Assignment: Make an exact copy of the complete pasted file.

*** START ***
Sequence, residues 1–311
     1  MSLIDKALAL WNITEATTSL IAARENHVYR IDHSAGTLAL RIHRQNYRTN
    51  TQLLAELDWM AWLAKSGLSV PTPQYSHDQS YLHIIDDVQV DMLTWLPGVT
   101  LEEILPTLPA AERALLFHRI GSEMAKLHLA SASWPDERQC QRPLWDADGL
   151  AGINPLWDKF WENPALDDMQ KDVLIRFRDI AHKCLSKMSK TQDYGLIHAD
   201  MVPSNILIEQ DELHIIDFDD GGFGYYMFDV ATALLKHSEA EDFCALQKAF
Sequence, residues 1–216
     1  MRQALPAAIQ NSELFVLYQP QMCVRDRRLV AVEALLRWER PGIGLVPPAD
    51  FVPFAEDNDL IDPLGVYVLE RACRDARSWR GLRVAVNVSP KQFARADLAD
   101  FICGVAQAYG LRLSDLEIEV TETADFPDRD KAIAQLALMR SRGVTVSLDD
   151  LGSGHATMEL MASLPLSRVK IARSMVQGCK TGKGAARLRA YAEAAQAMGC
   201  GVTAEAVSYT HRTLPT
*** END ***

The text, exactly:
Sequence, residues 1–311
     1  MSLIDKALAL WNITEATTSL IAARENHVYR IDHSAGTLAL RIHRQNYRTN
    51  TQLLAELDWM AWLAKSGLSV PTPQYSHDQS YLHIIDDVQV DMLTWLPGVT
   101  LEEILPTLPA AERALLFHRI GSEMAKLHLA SASWPDERQC QRPLWDADGL
   151  AGINPLWDKF WENPALDDMQ KDVLIRFRDI AHKCLSKMSK TQDYGLIHAD
   201  MVPSNILIEQ DELHIIDFDD GGFGYYMFDV ATALLKHSEA EDFCALQKAF
Sequence, residues 1–216
     1  MRQALPAAIQ NSELFVLYQP QMCVRDRRLV AVEALLRWER PGIGLVPPAD
    51  FVPFAEDNDL IDPLGVYVLE RACRDARSWR GLRVAVNVSP KQFARADLAD
   101  FICGVAQAYG LRLSDLEIEV TETADFPDRD KAIAQLALMR SRGVTVSLDD
   151  LGSGHATMEL MASLPLSRVK IARSMVQGCK TGKGAARLRA YAEAAQAMGC
   201  GVTAEAVSYT HRTLPT